Various observations during 1942-43 which I recall or which have been prompted
by family photos are:
- House numbers on pavements. During 1942 the house numbers were painted
on the pavements in front. Presumably this was so that if a row of houses
was obliterated they could still be identified. The 'St. John's Ambulance
cross' against the number could have been to signify 'first aiders'.
- The requisition of garden railings. All of the front gardens in the
street were kept very neat and tidy, with wrought iron railings set atop
low brick walls along the front, bounding the pavement, usually in front
of a privet hedge. In 1943 they were all removed, because steel was
needed for the war effort. They were never replaced.
Huxley Estate, Edmonton, c1942 showing a house number
with the St John's ambulance cross painted on the pavement, the iron railings
still in position prior to removal for the war effort and the complete absence
My father was employed in an engineering factory working 12 hours shifts 6 days a week, and between shifts he was expected to do fire watching on the factory roof.
- Fire watching. My father worked at the head office of the Abbey Road
Building Society, (later to become Abbey National) at the top end of Baker
Street, London. The building had a tower, rather like a bell tower, about
five storeys up, and this was the look-out position for the fire watchers,
of whom my father was one. He sometimes took me with him, which involved
an all night stint looking out over the local area of London, and presumably
alerting the authorities as necessary. Imagine watching the London Blitz
from that vantage point!
Every able bodied male had to do fire drill, if only to protect his own house. I can remember my father lying in the street trying to put out a small
practice fire with a stirrup pump. He was holding the end of the pipe in one hand and in the other a metal plate with a slit in it to protect his face while another man was pushing and pulling on the pump handle. The pump was standing in a bucket of water. The fire brigade went around the streets teaching groups of residents this fire fighting drill.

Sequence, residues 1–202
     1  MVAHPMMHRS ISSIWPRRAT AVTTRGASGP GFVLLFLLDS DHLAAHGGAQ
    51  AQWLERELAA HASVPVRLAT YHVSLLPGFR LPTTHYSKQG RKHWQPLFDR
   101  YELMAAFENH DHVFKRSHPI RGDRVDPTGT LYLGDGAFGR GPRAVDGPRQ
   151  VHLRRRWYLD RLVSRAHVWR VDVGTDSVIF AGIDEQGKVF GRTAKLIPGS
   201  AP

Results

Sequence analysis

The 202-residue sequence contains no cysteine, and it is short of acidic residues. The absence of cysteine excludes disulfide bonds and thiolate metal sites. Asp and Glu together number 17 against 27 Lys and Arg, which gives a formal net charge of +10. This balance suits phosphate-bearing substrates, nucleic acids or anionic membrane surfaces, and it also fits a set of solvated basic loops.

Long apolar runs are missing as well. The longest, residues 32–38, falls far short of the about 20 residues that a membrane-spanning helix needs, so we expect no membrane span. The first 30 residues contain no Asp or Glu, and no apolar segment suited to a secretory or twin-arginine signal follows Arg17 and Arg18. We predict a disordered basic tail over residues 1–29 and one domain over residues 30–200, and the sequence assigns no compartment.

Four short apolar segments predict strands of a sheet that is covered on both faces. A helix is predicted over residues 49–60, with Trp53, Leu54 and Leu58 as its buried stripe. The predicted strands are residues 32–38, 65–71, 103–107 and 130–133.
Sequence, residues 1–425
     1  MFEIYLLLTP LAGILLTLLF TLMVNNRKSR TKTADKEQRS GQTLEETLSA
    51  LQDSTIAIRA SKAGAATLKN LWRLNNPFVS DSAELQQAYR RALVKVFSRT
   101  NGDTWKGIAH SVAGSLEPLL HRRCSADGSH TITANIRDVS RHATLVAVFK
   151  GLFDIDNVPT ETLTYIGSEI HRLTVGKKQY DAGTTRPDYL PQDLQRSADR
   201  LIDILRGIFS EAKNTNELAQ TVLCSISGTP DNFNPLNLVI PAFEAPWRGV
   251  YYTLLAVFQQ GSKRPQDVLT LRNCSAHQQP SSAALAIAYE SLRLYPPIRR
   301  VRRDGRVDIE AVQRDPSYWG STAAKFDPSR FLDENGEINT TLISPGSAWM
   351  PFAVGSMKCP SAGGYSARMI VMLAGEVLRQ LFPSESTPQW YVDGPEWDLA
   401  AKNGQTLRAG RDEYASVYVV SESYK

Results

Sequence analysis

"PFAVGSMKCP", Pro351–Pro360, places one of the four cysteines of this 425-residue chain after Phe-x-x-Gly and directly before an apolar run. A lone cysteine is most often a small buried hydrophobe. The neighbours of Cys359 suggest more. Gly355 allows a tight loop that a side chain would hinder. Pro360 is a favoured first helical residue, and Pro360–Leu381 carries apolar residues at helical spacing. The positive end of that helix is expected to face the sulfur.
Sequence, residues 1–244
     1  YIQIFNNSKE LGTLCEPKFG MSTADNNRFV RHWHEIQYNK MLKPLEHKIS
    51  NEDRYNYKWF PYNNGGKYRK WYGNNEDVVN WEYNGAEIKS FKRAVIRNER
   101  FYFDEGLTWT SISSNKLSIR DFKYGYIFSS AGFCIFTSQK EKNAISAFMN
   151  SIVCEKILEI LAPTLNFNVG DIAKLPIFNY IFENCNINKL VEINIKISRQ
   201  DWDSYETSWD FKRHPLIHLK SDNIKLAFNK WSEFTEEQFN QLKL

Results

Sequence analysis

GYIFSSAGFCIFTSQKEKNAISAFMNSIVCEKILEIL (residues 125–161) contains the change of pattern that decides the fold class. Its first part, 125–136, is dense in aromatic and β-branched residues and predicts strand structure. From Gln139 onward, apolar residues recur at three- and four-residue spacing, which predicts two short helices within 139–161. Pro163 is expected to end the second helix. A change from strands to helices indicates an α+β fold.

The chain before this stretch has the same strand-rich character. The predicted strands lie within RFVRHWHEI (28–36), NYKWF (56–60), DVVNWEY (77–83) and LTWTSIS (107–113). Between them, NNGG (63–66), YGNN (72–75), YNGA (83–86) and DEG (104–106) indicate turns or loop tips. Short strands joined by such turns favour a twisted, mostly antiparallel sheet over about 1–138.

- Incendiary bombs. Closer to home, I remember one Sunday morning going
with my father along Fore Street, Edmonton. A stick of incendiary bombs
had evidently been released and had fallen on the houses and the flats above
the shops along the east side of Fore Street (a main road running northwards
out of London). They had penetrated the roofs and had landed in the houses.
I remember seeing a burning mattress which had been heaved out of an upstairs
window and had landed on the pavement - a rude awakening!
There were also butterfly bombs. These were small round canisters from which protruded a rod at the end of which were some wings. They were painted in various bright colours so as to look like a child’s toy. They did not explode on impact but lay on the ground until some small child picked it up out of curiosity. The result is too evil to think about. We were shown an example of one of these devices at school assembly and there were posters put up to warn people.
- Landmines. A landmine fell on or near the North Middlesex Hospital,
and this may have been the one that flattened
the Clarke house in Pymmes Villas, but I was really too young to remember.
I remember the surviving Clarkes living in Gloucester Road which must have
been where they were re-housed.
The P O W Camp was Italian
and located at the Saracen Rugby ground in Firs Lane just behind the Edmonton
Cemetery in Church Street.
- Prisoners of war. There must have been a prisoner of war camp nearby, although I never
saw it. But the story goes that a family in the next road to us found some
chap wandering aimlessly on Christmas Morning and invited him in to share
in their Christmas dinner. So there were some better facets as well.
This website Join me in the 1900s is also known as
Join me in the 1900's.